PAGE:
The softmax of a set of values returns a set of values that sum to 1.0 so they can be interpreted as probabilities. The softmax function is one of the fundamental tools for machine learning. Suppose you have some neural network classifier to predict if a person is democrat, republican, or other. The raw output values of the network could be something like (3.0, 5.0, 2.0) but the result of softmax would be (0.1142, 0.8438, 0.0420) which would mean P(republican) = 0.8438 and so that’s the prediction because it has the highest probability.
Mathematically, to compute the softmax of a set of values, you compute the exp() of each value, and sum those values. The exp(x) function is Euler’s number (not Euler’s constant) raised to x. Then the softmax of each value x is exp(x) / sum.
The calculation can blow up because the exp(x) function can return astronomically large values for even moderate-sized values of x. One way to avoid an exception is to use the “max trick”. Because of the properties of the exp(x) function, you can find the max of the x values, subtract the max from each x, compute and sum each exp(x-max) and then the softmax of x is as before, exp(x-max) / sum.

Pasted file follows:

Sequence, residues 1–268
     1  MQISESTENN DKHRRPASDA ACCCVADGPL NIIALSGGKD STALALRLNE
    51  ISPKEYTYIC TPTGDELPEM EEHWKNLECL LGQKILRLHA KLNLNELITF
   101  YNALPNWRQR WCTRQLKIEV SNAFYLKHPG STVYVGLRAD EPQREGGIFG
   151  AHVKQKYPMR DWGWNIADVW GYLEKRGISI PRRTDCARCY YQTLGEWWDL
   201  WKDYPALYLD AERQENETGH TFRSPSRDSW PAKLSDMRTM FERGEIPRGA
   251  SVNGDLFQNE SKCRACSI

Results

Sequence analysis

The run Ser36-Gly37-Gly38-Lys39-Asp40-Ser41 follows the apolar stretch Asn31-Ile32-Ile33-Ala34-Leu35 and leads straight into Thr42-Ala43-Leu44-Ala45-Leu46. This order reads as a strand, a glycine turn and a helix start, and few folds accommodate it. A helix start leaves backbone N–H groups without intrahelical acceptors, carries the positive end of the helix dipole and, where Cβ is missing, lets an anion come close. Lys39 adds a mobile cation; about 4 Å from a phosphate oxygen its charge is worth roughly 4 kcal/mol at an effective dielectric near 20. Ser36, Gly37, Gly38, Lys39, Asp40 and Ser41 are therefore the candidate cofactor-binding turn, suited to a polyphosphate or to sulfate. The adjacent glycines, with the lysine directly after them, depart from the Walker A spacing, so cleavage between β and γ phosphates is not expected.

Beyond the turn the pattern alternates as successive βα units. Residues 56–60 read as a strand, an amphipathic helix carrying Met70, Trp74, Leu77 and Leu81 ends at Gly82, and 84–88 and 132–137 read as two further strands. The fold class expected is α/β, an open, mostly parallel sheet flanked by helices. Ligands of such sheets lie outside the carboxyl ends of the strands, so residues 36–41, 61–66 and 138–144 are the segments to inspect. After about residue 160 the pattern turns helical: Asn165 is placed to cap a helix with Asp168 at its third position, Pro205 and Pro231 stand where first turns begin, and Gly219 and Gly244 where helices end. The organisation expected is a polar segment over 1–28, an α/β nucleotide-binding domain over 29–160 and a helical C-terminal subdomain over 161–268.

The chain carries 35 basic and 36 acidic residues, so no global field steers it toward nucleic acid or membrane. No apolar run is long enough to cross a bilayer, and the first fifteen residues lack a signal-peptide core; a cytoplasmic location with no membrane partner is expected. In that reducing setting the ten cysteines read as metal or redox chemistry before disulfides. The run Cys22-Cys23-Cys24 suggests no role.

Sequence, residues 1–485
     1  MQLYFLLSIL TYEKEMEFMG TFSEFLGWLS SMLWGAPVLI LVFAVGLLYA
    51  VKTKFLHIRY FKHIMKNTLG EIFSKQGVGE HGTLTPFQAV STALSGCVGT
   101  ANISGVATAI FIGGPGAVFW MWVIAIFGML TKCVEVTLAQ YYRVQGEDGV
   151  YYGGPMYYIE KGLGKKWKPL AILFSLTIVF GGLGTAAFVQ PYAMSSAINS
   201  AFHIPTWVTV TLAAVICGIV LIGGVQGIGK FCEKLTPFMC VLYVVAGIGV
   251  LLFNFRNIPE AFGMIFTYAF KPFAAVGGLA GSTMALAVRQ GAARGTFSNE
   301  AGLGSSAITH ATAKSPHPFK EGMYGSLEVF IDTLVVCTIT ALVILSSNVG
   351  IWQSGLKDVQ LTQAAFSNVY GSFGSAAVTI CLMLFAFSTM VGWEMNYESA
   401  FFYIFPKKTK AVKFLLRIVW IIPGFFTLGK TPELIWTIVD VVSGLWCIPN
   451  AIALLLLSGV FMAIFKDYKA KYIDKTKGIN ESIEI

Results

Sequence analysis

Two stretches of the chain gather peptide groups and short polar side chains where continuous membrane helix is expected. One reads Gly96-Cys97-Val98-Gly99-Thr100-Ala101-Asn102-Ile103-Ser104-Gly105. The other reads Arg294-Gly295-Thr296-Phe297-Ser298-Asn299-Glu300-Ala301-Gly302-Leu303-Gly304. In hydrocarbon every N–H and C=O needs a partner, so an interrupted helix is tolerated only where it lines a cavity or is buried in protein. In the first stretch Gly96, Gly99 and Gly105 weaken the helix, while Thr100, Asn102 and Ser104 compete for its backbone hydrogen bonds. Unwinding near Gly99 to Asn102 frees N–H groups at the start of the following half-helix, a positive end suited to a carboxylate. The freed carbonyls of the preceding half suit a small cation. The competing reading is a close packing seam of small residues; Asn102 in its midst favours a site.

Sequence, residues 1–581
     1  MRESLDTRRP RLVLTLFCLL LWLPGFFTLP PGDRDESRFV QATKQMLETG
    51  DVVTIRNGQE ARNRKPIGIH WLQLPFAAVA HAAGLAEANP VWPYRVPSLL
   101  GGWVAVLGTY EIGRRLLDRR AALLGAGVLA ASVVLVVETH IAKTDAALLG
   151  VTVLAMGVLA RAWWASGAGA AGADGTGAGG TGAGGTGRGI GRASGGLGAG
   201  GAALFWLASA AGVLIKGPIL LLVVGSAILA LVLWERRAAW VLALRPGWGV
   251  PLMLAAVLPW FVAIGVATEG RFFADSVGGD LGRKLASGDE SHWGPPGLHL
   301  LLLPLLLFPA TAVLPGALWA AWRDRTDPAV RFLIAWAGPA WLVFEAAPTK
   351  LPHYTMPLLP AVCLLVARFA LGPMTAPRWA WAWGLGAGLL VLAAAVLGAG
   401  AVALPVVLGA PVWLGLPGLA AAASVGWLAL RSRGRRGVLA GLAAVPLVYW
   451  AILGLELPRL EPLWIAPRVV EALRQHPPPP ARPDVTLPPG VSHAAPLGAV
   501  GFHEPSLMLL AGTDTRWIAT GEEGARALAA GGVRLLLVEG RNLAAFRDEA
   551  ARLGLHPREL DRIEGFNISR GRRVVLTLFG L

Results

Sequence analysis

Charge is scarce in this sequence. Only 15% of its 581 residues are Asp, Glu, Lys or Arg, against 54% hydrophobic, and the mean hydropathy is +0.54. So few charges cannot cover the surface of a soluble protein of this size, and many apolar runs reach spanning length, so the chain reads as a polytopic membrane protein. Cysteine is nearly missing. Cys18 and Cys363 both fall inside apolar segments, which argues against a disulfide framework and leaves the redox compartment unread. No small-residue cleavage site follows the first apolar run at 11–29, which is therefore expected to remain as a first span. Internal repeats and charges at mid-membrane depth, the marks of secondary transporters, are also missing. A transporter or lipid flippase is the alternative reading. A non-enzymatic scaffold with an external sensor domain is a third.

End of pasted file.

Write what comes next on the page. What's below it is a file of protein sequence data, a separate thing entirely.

For example, for (3.0, 5.0, 2.0), the max is 5.0 and subtracting gives (-2.0, 0.0, -3.0) then the exp() of each is (0.1353, 1.0000, 0.0498). The sum of those values is 1.1851 and 0.1353 / 1.1851 = 0.1142, 1.0000 / 1.1851 = 0.8438, 0.0498 / 1.1851 = 0.0420. Notice that all the exp(x) calculations occur on small or negative values.
A variation of the max trick is to avoid the division operation. To do this you compute the ln() of the sum of the exp(x-max) values and then instead of dividing, you subtract and take the exp(x – max – ln(sum)).
For example, the sum of the exp(x) values is 1.1851 and the ln(1.1851) = 0.1698. Then exp(-2.0 – 0.1698) = 0.1142, exp(0.0 – 0.1698) = 0.8438, and exp(-3.0 – 0.1698) = 0.0420.
A few years ago, when neural networks had to be implemented from scratch, you’d have to know details like this. But in the last two years or so, with the creation of neural network libraries such as TensorFlow and CNTK, all these details are handled for you. But it still good to know what goes on behind the scenes.